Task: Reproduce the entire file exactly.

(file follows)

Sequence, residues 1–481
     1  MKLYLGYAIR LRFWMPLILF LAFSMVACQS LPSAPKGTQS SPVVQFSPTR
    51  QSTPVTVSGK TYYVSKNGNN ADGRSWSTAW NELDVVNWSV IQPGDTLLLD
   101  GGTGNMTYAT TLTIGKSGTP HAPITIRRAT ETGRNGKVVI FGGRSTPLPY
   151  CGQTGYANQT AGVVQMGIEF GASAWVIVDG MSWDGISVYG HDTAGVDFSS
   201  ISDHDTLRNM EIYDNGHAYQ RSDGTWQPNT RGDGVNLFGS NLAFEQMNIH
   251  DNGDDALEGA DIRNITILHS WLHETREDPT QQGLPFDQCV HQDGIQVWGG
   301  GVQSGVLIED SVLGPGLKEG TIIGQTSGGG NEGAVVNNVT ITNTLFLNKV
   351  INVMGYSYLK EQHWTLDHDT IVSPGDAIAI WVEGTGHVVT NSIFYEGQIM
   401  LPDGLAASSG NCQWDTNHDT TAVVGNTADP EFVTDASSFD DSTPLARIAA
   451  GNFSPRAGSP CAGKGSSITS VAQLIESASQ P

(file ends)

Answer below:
Sequence, residues 1–481
     1  MKLYLGYAIR LRFWMPLILF LAFSMVACQS LPSAPKGTQS SPVVQFSPTR
    51  QSTPVTVSGK TYYVSKNGNN ADGRSWSTAW NELDVVNWSV IQPGDTLLLD
   101  GGTGNMTYAT TLTIGKSGTP HAPITIRRAT ETGRNGKVVI FGGRSTPLPY
   151  CGQTGYANQT AGVVQMGIEF GASAWVIVDG MSWDGISVYG HDTAGVDFSS
   201  ISDHDTLRNM EIYDNGHAYQ RSDGTWQPNT RGDGVNLFGS NLAFEQMNIH
   251  DNGDDALEGA DIRNITILHS WLHETREDPT QQGLPFDQCV HQDGIQVWGG
   301  GVQSGVLIED SVLGPGLKEG TIIGQTSGGG NEGAVVNNVT ITNTLFLNKV
   351  INVMGYSYLK EQHWTLDHDT IVSPGDAIAI WVEGTGHVVT NSIFYEGQIM
   401  LPDGLAASSG NCQWDTNHDT TAVVGNTADP EFVTDASSFD DSTPLARIAA
   451  GNFSPRAGSP CAGKGSSITS VAQLIESASQ P